In Catholic countries, where the transformation of the wafer and wine was still regarded as real, an artist like Caravaggio could express that sense of holiness — of the union of mind, soul, and body — in his compositions, a vision of a “paradisal Eucharist and a transubstantiating universe,” as Schwartz writes. The result, in Caravaggio’s case, is a distinctive style, a method and a means that drew upon and depicted sacramentality as thrumming through our fallen reality, wherein nothing is as perfect as a pantheist might hope or as corrupted as a Calvinist believes, but rather where the sacred is studded in the profane like diamonds in a vein of coal. Mining for holiness in our corrupted world was a particular genius for the painter, who found faith and ecstasy in violence and sex. “Like Sophocles or Samuel Beckett or Toni Morrison,” writes Teju Cole in the New York Times, “Caravaggio is an artist who goes there with us, to the painful places of reality. And when we are there with him, we sense that he’s no mere guide. We realize that he is in fact at home in that pain, that he lives there.” 

Scripture is arguably an account of how holiness is studded throughout the pain of this world, and Caravaggio was a master artist of such biblical subjects. Examine the central figure in his “The Crowning with Thorns, painted around 1602–04 and held by the Kunsthistorisches Museum in Vienna: Christ centered in the lower half of the painting, stubbled face downcast, a striking vermillion cloak barely covering his nudity, a centurion in 16th-century armor watching as two servants lean down, having just pressed the gnarled crown onto the messiah’s forehead. There is virtually no background, merely a shaft of light emerging from the upper left permeating this scene in both lustry radiance and tenebrous darkness. These figures, who are very much from a time and place, are, under Caravaggio’s hand, suspended in an eternity of no time or place. The straining muscles on the servants, the rippling of fat above Christ’s waist as he’s forced to crouch down, the sheen on the armor of the centurion — all of it a verisimilitude engendered by contrasts of shadow and glow so vibrant that the result is almost beyond real, a veritable transrealism. As the alchemists could control the elements and necromancers the porous line between the living and the dead, so too was Caravaggio proficient in the theurgy of light and dark. 

For Caravaggio is the unassailably undisputed master of chiaroscuro. The painter’s very name has come to be all but synonymous with that characteristic contrasting of dark and light — even neophytes can easily identify Caravaggio’s work. What Caravaggio offers via that technique is a type of religiosity that transcends its subjects — a complicated, painful, and disturbing religiosity that is all the more sacred because of it. When the Council of Trent met in the years between 1545 and 1563, they defined a sacrament as a thing “subjected to the senses, which has the power not only of signifying but also of effecting grace.” By that criterion broadly deployed, Caravaggio’s art is sacramental — the work of a demon who could paint as an angel, translating sin into inspiration. As it were, it’s precisely that mixture of the demonic and the angelic, the Dionysian and the Apollonian, that made such transformations possible.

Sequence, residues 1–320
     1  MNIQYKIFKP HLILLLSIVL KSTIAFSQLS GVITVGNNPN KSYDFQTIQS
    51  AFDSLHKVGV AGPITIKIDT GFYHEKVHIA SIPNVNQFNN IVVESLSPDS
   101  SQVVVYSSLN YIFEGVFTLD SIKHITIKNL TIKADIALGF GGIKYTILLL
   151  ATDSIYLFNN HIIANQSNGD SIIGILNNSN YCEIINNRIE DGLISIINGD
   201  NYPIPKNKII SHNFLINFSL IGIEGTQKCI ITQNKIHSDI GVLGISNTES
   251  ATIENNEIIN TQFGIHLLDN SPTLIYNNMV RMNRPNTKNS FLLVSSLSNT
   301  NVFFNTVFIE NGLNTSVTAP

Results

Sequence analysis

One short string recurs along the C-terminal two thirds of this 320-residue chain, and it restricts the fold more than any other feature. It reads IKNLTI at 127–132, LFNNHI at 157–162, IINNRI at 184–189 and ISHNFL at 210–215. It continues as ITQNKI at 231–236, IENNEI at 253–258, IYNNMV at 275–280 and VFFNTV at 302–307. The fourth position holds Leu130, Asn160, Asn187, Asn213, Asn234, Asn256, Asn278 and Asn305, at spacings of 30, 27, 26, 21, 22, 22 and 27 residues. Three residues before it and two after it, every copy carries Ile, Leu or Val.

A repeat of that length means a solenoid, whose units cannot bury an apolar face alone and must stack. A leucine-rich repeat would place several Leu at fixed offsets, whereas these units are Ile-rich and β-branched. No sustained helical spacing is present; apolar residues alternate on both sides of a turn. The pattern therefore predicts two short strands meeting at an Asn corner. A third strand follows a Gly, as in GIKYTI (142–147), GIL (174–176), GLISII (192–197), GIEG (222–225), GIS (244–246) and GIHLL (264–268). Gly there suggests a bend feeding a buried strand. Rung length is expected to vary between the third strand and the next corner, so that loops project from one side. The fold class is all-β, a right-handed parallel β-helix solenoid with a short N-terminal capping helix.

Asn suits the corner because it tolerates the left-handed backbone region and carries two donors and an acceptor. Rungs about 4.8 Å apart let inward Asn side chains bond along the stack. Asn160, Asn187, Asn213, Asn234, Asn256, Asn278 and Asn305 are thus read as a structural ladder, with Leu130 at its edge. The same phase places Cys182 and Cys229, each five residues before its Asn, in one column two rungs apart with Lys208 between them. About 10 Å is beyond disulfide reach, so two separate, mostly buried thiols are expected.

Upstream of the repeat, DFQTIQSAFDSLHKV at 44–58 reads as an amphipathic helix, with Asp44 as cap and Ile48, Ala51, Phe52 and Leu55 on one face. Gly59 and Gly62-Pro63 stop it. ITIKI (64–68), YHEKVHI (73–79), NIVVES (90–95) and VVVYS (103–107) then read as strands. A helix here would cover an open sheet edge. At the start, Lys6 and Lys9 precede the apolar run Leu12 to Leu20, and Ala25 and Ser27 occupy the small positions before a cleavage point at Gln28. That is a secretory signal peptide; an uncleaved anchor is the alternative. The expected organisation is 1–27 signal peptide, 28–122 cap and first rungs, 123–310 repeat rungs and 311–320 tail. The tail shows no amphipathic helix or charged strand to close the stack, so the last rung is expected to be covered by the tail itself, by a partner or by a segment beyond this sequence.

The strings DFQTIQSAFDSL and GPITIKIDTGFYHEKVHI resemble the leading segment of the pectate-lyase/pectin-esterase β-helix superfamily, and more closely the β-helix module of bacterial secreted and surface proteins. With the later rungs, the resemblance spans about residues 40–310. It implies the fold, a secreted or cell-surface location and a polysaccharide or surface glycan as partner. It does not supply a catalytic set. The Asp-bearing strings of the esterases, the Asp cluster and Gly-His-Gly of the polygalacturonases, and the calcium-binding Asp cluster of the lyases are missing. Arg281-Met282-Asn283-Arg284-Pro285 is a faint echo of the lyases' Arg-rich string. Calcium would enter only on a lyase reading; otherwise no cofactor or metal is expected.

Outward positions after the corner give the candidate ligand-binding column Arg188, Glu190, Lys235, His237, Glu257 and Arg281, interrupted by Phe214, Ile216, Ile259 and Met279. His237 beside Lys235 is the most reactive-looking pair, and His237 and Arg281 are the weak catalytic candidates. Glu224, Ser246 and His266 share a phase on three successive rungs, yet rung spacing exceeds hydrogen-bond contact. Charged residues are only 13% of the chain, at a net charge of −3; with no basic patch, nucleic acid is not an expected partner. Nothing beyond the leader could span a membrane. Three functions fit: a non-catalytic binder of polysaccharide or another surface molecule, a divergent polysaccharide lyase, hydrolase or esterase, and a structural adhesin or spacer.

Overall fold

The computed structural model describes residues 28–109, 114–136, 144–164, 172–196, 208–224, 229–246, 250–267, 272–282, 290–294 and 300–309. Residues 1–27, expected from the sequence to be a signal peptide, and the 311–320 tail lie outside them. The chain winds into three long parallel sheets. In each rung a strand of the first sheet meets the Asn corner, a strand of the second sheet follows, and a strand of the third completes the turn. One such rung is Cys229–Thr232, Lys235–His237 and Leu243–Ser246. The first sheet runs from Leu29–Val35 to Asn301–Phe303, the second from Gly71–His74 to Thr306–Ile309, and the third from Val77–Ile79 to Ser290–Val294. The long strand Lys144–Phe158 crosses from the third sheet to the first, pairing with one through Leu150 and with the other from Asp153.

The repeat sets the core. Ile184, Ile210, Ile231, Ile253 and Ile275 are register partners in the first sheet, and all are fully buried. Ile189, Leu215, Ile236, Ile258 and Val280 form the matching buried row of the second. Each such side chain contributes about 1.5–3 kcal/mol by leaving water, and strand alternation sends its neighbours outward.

If that Italian term regards the interdependence of light with dark, the ways in which meaning can only be comprehended by espying the two ever in contrast, then chiaroscuro can be deployed for Caravaggio in a biographical sense as well. Those rough, calloused, cuticle-split hands stained with red and black oil were also hands that grasped a rapier as it fatally slashed the femoral artery of a local gangster and pimp named Ranuccio Tomassoni. The two dueled not over Lena, but another sex worker named Fillide Melandroni, a slight strawberry blonde who’d modeled for Caravaggio numerous times, most notably in his “Judith Beheading Holofernes,” made around 1599 and now held at the Galleria Nazionale d’Arte Antica in Rome. In that painting, Judith’s delicate, ivory-colored hand grasps at a tangle of her victim’s matted, greasy hair while the sword bisects Holoferne’s screaming trachea in the second before a swift turn would complete the decapitation. A spray of crimson, red as the backdropped curtain, stains the bed’s sumptuous white sheets. The model for Holofernes was Caravaggio himself. 

The hand that slew Tomassoni was the same hand that finished “Death of the Virgin”and in the same year of 1606. Violence was a muse for Caravaggio, and if life was already cheap in Renaissance Italy, among the madding crowd of Rome’s underclass, in which the artist must be included, the prices were slashed even lower. An obsession with violence — particularly of the detaching-a-head-from-the-shoulders variety — permeates Caravaggio’s oeuvre. For a Christian artist, the Bible — a heinously violent book, it should be remembered — afforded ample opportunities in both the Hebrew Scriptures and the New Testament to depict tortures, immolations, crucifixions, and decapitations. Holofernes, for instance, is joined by the Old Testament Isaac and the New Testament John the Baptist in Caravaggio’s obsession with losing one’s head. In his 1603 “The Sacrifice of Isaac,” held by the Uffizi, the artist captures the second in which the angel of the Lord stills the hand of Abraham as he holds a knife to the throat of his young son, the patriarch’s child looking up in horror, not yet aware of his salvation. Decapitation is also the subject of the 1610 “David with the Head of Goliath, now at the Galleria Borghese, in which the Jewish king is rendered as a barely postpubescent man bathed in light, holding the head of the slain giant by his tangled hair, his dim, dead eyes still open in dull surprise, the mouth of the Philistine warrior slack-jawed, each jagged tooth a grim yellow shovel. The model for Goliath, maybe unsurprisingly, was again Caravaggio himself.